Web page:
Tax Season Investment Portfolio Details You Need to Take Care of Right Now Before the New Year
As you gear up for the holidays, don’t forget to take advantage of tax credits and deductions before the year wraps up to help you save more money.
While your tax refund can vary based on factors like your annual income and how much tax you’ve paid, claiming credits and deductions can increase that amount.
Canadians who had a tax refund in 2022 received an average of $2,092 from the CRA.
Tax deductions reduce your taxable income, while credits lower the tax you pay on the taxable income itself. Canadians can claim more than 400 tax deductions, credits (refundable and non-refundable), and expenses.
Jason Heath, managing director at Objective Financial Partners, says one of the tax credits most often missed is medical expenses. You can claim up to three per cent of your net income or $2,635, whichever is less, to claim eligible medical expenses on your return for the 2023 tax year.
“A lot of people don't realize what qualifies as a medical expense,” says Heath, adding that the most commonly overlooked is the premiums you pay for a health and dental plan.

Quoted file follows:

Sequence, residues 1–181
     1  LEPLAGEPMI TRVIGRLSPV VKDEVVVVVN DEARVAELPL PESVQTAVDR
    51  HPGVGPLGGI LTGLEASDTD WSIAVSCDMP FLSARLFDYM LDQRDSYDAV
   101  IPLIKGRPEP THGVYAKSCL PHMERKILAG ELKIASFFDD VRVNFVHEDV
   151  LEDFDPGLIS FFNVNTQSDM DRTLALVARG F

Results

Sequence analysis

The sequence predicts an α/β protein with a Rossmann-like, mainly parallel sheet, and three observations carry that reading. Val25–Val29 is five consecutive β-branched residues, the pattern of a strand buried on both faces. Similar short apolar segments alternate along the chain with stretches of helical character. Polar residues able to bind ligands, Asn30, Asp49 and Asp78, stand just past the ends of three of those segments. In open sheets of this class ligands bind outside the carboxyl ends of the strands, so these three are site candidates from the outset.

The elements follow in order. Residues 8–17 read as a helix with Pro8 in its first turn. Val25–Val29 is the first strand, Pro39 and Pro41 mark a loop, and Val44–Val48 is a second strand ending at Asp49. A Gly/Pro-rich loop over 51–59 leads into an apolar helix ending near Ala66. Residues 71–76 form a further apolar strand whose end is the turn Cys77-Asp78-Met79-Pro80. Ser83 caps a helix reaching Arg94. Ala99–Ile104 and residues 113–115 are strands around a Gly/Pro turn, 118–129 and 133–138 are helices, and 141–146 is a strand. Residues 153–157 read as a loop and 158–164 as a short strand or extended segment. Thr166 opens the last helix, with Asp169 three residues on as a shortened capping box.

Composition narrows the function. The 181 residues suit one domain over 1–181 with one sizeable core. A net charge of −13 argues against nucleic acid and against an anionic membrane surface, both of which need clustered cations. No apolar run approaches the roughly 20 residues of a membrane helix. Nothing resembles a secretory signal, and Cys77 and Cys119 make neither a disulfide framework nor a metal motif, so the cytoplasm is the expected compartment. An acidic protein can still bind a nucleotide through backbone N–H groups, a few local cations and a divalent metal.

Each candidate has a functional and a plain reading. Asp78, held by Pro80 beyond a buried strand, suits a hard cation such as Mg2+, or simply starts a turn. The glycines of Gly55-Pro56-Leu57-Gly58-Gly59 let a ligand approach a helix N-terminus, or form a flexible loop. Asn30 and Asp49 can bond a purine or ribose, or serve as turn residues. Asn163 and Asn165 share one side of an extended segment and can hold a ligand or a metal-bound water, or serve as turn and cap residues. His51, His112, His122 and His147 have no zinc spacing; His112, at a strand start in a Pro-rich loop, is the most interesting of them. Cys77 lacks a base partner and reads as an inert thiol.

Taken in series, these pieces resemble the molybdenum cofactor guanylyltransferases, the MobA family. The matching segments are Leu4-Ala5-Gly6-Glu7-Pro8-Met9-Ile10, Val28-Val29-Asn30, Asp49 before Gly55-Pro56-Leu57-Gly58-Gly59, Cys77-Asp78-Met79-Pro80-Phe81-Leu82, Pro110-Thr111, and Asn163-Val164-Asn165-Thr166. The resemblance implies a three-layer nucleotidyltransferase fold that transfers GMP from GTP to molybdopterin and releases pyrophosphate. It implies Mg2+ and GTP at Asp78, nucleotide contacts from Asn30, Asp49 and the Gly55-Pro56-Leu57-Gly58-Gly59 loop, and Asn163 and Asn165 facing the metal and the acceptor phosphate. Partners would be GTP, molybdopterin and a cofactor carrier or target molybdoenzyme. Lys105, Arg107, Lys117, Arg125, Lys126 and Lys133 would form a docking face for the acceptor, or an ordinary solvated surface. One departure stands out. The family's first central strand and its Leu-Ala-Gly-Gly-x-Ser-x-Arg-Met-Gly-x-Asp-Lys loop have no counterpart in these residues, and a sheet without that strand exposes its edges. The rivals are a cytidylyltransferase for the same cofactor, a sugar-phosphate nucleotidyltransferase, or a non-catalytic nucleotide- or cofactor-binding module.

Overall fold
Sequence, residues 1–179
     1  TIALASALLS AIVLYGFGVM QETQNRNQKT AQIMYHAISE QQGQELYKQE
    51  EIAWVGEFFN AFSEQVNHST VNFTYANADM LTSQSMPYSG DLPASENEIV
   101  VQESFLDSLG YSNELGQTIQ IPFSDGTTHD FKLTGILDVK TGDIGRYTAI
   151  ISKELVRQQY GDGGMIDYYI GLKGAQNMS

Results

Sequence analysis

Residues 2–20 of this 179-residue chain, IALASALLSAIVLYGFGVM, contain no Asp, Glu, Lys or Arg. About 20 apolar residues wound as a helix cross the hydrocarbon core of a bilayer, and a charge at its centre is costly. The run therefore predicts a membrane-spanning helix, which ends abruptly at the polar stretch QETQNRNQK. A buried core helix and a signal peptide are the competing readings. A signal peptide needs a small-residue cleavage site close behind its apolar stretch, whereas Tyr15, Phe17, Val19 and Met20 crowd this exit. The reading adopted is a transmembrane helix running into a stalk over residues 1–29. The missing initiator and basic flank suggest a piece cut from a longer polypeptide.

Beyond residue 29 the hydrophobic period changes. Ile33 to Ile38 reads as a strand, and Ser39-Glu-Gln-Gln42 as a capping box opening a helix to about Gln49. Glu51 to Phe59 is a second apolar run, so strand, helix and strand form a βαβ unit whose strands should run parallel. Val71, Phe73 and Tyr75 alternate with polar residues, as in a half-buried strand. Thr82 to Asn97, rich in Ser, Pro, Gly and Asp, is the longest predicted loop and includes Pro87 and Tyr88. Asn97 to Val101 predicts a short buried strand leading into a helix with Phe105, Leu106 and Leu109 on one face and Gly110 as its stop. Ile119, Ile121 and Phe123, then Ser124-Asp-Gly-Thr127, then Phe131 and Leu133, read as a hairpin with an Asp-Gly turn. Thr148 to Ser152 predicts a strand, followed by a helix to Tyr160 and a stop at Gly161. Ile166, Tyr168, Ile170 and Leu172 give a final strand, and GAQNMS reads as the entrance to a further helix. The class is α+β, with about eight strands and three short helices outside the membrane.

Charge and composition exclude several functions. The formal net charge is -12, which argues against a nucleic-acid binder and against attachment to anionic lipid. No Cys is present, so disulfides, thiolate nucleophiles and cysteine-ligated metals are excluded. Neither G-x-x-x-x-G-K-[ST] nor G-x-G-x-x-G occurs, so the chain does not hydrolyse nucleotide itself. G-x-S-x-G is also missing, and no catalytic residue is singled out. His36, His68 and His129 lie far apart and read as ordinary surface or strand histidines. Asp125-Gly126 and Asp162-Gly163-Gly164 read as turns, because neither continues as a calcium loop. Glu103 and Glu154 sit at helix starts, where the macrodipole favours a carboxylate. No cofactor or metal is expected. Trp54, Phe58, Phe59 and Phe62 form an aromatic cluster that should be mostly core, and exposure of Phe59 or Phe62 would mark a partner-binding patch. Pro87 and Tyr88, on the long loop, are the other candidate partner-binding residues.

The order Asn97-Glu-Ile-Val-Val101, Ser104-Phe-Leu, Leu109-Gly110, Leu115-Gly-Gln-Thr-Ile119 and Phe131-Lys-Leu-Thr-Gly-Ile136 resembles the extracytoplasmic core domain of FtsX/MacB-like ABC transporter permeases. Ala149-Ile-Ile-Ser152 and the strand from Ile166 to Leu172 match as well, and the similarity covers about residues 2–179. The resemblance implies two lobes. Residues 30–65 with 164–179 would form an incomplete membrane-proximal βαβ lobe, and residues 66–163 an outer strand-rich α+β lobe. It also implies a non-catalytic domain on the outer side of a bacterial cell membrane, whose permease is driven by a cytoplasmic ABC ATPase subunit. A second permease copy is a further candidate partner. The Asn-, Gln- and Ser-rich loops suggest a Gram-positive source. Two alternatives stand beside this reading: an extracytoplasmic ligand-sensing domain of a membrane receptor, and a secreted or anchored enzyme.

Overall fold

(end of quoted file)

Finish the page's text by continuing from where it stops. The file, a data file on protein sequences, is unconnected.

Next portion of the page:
Aside from credits and deductions, Ian Calvert, Vice President & Principal at Highview Financial Group, believes timing is the most crucial when it comes to offsetting capital gains realized in your portfolio.
Calvert says you can reduce your reported capital gains in nonregistered accounts — meaning, a non-TFSA or non-RRSP account — through year-end tax-loss selling.
For example, if you sold a stock or bond earlier this year that triggered a $10,000 capital gain, you would report 50 per cent of that income on your 2023 tax return. But, if there’s an investment in your portfolio that’s worth less than what you bought it for, you could sell it and subtract the realized loss against the realized gain, offsetting how much you’d have to pay in taxes.
“You can use those capital losses and carry them back up to three years to tax returns you filed in the previous three years where you had capital gains,” adds Heath. “On the flip side, if you don't have losses in the last three years, you can indefinitely carry forward your capital losses to claim in a future year against future capital gains.” This is known as tax-loss harvesting.
Both Calvert and Heath say beware of superficial loss rules, or selling an investment at a loss and repurchasing the same security within the next 30 days, as doing so would prevent you from claiming the loss and using it to offset any capital gains.
“You've got to be careful so you don’t inadvertently buy the investment back and ‘cancel out’ the loss,” adds Heath.
Calvert also notes that because it takes time to settle trades, don’t wait until the last minute to sell investments.
“Don’t wait until the 29th because it takes a couple days for your trades to settle. If you plan to sell something for a loss and realize that loss in this calendar year, make sure that your last trading day is actually Dec. 27, 2023.”
Author: Srivindhya Kolluru for The Toronto Star